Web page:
- Gold is breaking out to new all-time highs on very little fanfare, this is undoubtedly a bullish development.
- On the back of strong central bank demand, gold has admirably withstood the rising real yield headwind that historically would have crushed the sector.
- However, though its big move higher is seemingly on the way, a number of short to medium-term fundamental drivers should continue to put a ceiling on the gold price over the coming quarters, namely persistently positive real yields and a strong dollar.
- Indeed, with gold looking fully valued short-term and given speculative positioning is now rather stretched, a little more patience may be required for gold bulls, particularly if we don’t see rate cuts materialize as early as consensus expects.
While and precious metals remain one of my favored long-term asset classes, as I have for much of the past six months, I remain less sanguine towards the asset class over the next quarter or two. And, even though the gold price has flirted with new all time-highs of late, this thesis has more or less proved true. While I firmly believe gold’s big move is coming in the not-too-distant future, I believe this is more likely a story for the second half of 2024 than the first.
This shorter-term view is primarily based upon gold’s relationship with real yields, the , along with the notion that tight monetary policy may be with us for a little longer than the market expects.
In relation to gold and real yields, while the relationship between the two has most definitely broken down over the past 24 or so months, central bank purchases of gold seem to be vastly overpowering any headwind from the multi-decade high in real yields we have seen. This speaks volumes to the powerful long-term driven of the asset class that is the diversification of FX reserves by global central banks into gold, one that I expect to continue indefinitely.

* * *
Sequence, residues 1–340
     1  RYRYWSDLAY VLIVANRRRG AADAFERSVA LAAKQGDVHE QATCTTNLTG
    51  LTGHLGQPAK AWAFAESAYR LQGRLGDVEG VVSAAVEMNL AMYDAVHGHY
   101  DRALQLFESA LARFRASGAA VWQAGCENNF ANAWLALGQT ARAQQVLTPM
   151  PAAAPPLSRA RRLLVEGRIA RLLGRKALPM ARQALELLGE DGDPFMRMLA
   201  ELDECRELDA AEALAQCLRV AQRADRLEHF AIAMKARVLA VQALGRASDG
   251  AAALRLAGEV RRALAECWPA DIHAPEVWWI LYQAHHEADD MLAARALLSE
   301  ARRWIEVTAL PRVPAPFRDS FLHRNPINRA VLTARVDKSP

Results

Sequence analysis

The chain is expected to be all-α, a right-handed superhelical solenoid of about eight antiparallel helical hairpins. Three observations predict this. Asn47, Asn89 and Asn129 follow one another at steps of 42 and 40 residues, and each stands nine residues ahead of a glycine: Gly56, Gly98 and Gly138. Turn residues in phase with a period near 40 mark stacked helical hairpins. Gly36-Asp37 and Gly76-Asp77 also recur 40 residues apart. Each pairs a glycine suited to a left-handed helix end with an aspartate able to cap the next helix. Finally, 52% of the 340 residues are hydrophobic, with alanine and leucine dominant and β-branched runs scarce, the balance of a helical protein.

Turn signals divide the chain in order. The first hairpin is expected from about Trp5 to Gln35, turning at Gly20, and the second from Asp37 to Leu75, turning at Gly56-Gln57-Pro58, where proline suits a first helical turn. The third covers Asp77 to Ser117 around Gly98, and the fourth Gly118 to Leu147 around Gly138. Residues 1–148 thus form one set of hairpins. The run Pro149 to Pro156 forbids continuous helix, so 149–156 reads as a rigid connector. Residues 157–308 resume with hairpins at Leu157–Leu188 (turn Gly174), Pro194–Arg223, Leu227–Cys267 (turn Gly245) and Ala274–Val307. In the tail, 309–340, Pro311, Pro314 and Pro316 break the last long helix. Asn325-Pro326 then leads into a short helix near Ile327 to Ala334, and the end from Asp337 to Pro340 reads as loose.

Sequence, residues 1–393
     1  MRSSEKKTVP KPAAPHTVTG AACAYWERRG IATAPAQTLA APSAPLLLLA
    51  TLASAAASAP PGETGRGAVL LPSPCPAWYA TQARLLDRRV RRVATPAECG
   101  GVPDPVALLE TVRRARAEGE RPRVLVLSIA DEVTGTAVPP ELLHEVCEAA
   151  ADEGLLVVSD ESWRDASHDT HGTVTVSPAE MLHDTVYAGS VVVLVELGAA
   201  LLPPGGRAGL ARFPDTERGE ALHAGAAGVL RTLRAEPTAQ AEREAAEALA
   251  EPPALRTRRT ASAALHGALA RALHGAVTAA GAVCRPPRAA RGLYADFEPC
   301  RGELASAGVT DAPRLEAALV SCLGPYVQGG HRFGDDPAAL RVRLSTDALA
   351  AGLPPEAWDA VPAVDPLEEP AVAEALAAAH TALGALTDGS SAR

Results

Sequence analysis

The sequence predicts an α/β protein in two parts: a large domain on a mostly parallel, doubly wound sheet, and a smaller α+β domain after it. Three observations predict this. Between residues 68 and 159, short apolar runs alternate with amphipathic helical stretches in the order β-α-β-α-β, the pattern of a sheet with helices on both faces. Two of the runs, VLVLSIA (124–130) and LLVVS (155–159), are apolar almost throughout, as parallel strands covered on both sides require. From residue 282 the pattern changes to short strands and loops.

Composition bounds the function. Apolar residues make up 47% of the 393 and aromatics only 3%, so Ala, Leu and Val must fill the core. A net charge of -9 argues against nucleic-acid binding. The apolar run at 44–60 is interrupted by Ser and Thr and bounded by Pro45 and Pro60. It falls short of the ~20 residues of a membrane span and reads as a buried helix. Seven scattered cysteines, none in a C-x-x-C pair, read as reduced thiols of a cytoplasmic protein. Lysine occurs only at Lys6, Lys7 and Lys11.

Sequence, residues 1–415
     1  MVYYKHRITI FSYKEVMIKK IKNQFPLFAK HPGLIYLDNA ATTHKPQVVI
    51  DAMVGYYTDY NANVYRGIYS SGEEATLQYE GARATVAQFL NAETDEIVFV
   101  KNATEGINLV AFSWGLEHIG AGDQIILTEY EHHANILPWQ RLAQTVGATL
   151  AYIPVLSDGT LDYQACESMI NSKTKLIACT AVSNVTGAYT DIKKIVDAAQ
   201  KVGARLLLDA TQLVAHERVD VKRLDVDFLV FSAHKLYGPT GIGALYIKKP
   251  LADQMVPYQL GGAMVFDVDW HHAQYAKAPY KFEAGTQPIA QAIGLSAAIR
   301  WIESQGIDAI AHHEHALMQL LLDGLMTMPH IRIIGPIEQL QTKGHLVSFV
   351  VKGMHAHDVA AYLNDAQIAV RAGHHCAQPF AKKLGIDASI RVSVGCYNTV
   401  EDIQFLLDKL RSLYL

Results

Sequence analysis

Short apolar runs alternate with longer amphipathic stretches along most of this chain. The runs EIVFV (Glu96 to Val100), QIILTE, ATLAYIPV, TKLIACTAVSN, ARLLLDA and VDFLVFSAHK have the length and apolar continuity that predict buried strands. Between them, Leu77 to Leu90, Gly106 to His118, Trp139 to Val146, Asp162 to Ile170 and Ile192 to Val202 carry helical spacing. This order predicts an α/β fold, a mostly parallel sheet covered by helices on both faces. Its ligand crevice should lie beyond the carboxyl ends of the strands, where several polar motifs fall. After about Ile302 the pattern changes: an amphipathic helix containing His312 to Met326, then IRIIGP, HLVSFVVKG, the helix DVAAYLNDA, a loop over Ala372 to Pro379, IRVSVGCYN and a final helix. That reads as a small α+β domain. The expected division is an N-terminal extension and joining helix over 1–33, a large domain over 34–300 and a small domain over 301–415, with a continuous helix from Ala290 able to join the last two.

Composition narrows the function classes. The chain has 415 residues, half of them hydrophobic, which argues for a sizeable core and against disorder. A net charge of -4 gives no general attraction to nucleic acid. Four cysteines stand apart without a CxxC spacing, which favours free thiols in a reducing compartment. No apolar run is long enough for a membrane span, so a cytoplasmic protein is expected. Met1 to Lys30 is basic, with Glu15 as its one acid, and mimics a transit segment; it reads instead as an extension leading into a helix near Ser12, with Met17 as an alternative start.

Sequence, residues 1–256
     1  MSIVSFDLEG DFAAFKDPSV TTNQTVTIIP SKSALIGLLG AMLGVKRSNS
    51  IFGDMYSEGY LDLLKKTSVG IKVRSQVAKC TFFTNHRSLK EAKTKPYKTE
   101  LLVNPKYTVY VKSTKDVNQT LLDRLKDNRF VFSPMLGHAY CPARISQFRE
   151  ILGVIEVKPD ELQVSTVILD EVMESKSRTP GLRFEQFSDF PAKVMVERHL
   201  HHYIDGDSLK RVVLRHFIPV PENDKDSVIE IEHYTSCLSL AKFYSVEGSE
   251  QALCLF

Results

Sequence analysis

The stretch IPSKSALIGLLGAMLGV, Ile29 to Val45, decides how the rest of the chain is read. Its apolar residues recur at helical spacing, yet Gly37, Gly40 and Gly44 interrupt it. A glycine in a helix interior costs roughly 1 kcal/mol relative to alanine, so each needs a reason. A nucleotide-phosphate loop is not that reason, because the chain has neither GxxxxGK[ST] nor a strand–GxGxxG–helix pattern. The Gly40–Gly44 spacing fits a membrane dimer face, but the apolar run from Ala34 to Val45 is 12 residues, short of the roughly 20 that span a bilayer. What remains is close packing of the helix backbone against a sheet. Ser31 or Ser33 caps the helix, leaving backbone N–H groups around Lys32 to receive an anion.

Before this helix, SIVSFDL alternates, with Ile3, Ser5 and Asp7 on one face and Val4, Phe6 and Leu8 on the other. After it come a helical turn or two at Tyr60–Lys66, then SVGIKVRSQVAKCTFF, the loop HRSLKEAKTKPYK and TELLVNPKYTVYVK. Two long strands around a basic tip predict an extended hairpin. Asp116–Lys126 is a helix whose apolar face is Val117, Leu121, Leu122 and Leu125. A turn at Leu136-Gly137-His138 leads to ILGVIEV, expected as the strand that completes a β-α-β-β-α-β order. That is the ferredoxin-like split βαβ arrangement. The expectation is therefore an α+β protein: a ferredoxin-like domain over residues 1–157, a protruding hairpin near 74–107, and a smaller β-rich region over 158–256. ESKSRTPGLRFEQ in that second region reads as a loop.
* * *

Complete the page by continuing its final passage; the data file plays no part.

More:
Even still, if we compare the price of gold and that implied by the relationship between gold and real yields (adjusting for the changing correlations over time), the gold price looks to be getting rather extreme relative to the latter on a short-term basis, as we can see below. Thus, to me, gold looks fairly priced in the short-term from a real yields perspective despite its changing correlation.
And although the relationship between the two is not what it was, I struggle to envision a path of a material rally in precious metals that does coincide with material move lower in real yields. After all, negative real yields are the primary driven of institutional flows into the sector, and said flows are likely to be the catalyst for the next leg higher.
For real yields to move lower and the incentive to be there for Western and institutional buyers to re-enter the market en masse, we need inflation expectations to remain stubborn and do so at a greater pace than interest rates.
And, as it stands, I continue to suspect there may be further upside for yields in 2024, and thus real yields are unlikely to move significantly lower until at least the second half of the year.
Indeed, as detailed here, I believe there to be a decent chance we do not see the rate cuts the market is hoping for until at least the second half of the year, an outcome which I suspect the precious metals market will not take kindly to, at least in the short-term.
In terms of gold’s other fundamental driver, the dollar, we are also looking at a situation where gold is looking fully priced relative to the dollar on a short-term basis.
Unlike real yields, this is a correlation that has consistently been negative over time. The best bull markets in gold tend to coincide with a bear market in the dollar.